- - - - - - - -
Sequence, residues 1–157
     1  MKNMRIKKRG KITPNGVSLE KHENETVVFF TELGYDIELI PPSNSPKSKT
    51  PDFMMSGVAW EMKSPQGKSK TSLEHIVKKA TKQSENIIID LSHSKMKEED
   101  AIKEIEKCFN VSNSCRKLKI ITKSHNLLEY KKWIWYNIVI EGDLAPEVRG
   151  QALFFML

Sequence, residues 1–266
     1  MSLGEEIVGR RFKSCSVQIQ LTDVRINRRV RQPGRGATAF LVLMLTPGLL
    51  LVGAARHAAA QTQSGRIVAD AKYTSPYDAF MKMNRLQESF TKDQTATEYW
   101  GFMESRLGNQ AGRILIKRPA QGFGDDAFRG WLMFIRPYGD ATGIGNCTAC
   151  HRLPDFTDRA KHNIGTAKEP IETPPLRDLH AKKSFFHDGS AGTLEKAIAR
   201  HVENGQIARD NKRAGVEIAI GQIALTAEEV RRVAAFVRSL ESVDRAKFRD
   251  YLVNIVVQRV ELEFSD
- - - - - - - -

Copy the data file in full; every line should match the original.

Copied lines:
Sequence, residues 1–157
     1  MKNMRIKKRG KITPNGVSLE KHENETVVFF TELGYDIELI PPSNSPKSKT
    51  PDFMMSGVAW EMKSPQGKSK TSLEHIVKKA TKQSENIIID LSHSKMKEED
   101  AIKEIEKCFN VSNSCRKLKI ITKSHNLLEY KKWIWYNIVI EGDLAPEVRG
   151  QALFFML

Sequence, residues 1–266
     1  MSLGEEIVGR RFKSCSVQIQ LTDVRINRRV RQPGRGATAF LVLMLTPGLL
    51  LVGAARHAAA QTQSGRIVAD AKYTSPYDAF MKMNRLQESF TKDQTATEYW
   101  GFMESRLGNQ AGRILIKRPA QGFGDDAFRG WLMFIRPYGD ATGIGNCTAC
   151  HRLPDFTDRA KHNIGTAKEP IETPPLRDLH AKKSFFHDGS AGTLEKAIAR
   201  HVENGQIARD NKRAGVEIAI GQIALTAEEV RRVAAFVRSL ESVDRAKFRD
   251  YLVNIVVQRV ELEFSD